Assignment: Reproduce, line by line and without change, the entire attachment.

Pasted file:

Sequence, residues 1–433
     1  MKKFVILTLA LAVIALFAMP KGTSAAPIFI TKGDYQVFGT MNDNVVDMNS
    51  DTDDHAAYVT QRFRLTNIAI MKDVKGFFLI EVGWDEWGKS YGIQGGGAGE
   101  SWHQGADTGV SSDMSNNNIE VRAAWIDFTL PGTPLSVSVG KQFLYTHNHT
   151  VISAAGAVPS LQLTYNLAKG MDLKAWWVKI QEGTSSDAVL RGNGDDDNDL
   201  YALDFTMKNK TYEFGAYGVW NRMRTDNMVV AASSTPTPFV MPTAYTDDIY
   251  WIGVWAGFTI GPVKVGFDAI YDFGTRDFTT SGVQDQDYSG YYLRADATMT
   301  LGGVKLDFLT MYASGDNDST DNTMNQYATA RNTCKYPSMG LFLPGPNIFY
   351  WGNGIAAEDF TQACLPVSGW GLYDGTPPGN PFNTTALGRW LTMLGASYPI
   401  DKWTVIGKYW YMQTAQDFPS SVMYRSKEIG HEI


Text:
Sequence, residues 1–433
     1  MKKFVILTLA LAVIALFAMP KGTSAAPIFI TKGDYQVFGT MNDNVVDMNS
    51  DTDDHAAYVT QRFRLTNIAI MKDVKGFFLI EVGWDEWGKS YGIQGGGAGE
   101  SWHQGADTGV SSDMSNNNIE VRAAWIDFTL PGTPLSVSVG KQFLYTHNHT
   151  VISAAGAVPS LQLTYNLAKG MDLKAWWVKI QEGTSSDAVL RGNGDDDNDL
   201  YALDFTMKNK TYEFGAYGVW NRMRTDNMVV AASSTPTPFV MPTAYTDDIY
   251  WIGVWAGFTI GPVKVGFDAI YDFGTRDFTT SGVQDQDYSG YYLRADATMT
   301  LGGVKLDFLT MYASGDNDST DNTMNQYATA RNTCKYPSMG LFLPGPNIFY
   351  WGNGIAAEDF TQACLPVSGW GLYDGTPPGN PFNTTALGRW LTMLGASYPI
   401  DKWTVIGKYW YMQTAQDFPS SVMYRSKEIG HEI